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Commercial Property Register

December 2017 - March 2018

The investment flows across the North West appear to be holding up

and are being helped by a shift from the south as investors seek higher


Manchester agent Christopher Dee has bought four properties for the

Independent Order of Oddfellows Manchester’s fund, two of which are in

Blackburn and Knowsley. The other two are in Edinburgh and London and

have a yield of 6.5%.

The unitized property fund (UU(P)IF) provides returns for the Society’s

129 branches as well as central funds and is currently valued at around £65


Chris Jones of Christopher Dee commented: “We have focused on stock

that can cope with the inevitable changes in the market that are being

properly contemplated by professionals dealing in the sector. With signs

that Brexit is now beginning to impact in a negative way in several property

sectors, and as occupier demand stalled by uncertainty is no longer a given,

it will be quality, well-let stock that will prevail over the next few years.”

Oddfellows, a non-profit organisation, is one of the largest and oldest

friendly societies in the UK (established in 1810) and has 310,000 members.



It is easy to forget that the current status of

Manchester as a global business centre has

been a long and often hard journey that

has taken a combination of forceful local

government and entrepreneurial spirit.

That is why Greater Manchester Mayor, Andy

Burnham, needs to step carefully in his declared

objective of radically rewriting the area’s spatial

framework. Burnham’s argument is that the plan

was not good enough and would bring urban

blight and traffic congestion.

For a decade or more, there has been a subtle

balance between the aims of the council under

Sir Howard Bernstein and the local developers

that many thought brought the results the city

needed and spread throughout the region.

Burnham appears to be unhappy with the

developer-led approach and is switching to

a policy with the emphasis on town centres,

integrated transport, new cycling infrastructure

and possibly increased digital start-up space.

Broadly speaking, the major concern for the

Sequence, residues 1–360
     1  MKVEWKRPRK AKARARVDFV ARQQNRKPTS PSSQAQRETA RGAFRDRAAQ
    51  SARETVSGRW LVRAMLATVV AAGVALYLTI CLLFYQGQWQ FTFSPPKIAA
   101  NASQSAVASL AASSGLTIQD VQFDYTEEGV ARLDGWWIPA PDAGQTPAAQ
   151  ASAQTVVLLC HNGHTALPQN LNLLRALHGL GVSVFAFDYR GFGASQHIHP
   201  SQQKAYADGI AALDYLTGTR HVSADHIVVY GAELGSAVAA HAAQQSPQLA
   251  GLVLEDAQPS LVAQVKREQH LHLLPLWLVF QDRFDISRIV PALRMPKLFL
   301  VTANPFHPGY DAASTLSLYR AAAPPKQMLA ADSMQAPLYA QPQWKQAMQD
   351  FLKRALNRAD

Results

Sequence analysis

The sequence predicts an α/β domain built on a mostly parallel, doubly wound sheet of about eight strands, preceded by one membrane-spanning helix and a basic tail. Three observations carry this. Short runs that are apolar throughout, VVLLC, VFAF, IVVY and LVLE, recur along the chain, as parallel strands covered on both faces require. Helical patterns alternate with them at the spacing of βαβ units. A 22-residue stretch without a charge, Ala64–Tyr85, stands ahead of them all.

property industry in the North West is that too

many radical changes to the plans will disrupt

new development, particularly of housing.

Changing the plans comes at a time when

Manchester has been acclaimed as dynamic

business centre, the latest being a survey by

Trainline, an independent train ticket retailer

that cited Manchester as the second most

popular business city after London for SMEs in

the UK.

Another positive indicator is the report by

Lambert Smith Hampton (LSH) that property

investment in the North West in the second

quarter totalled £610 million, up 30% on the

previous three months and 5% ahead of the

same period of 2016.

LSH noted that the leisure and hotel

market accounted for around a quarter of the

total at £147 million, once again well up on

January-March. Top of the pops with an 80%

rise was industrial property with such deals

as UBS paying £47 million for the Stakehill

Industrial Estate.

Ben Roberts of LSH said: “While the

resilience of the North West market is welcome

news for investors, buyers are having to work

much harder to dig out deals and we have

seen a significant increase in off-market and

selective marketing over the last quarter.”

It is important that the government

recognises the transport needs of the region

and Chancellor of the Exchequer, Philip

Hammond, has made an extra £400 million

available for the Northern Powerhouse. This is

aimed at bringing faster rail services between

Liverpool, Manchester, Sheffield, Leeds and

York (as well as the East Midlands and London).



celebrated the conclusion of their refurbishment of

the 7,060 sq metres (76,000 sq ft) warehouse Towngate Business

Centre at 1 Everite Road with a launch for industrial agents. The

self-contained unit is available to let to a single occupier, providing

warehouse space and offices on the modernised estate.

Considerable interest has already been shown in the unit.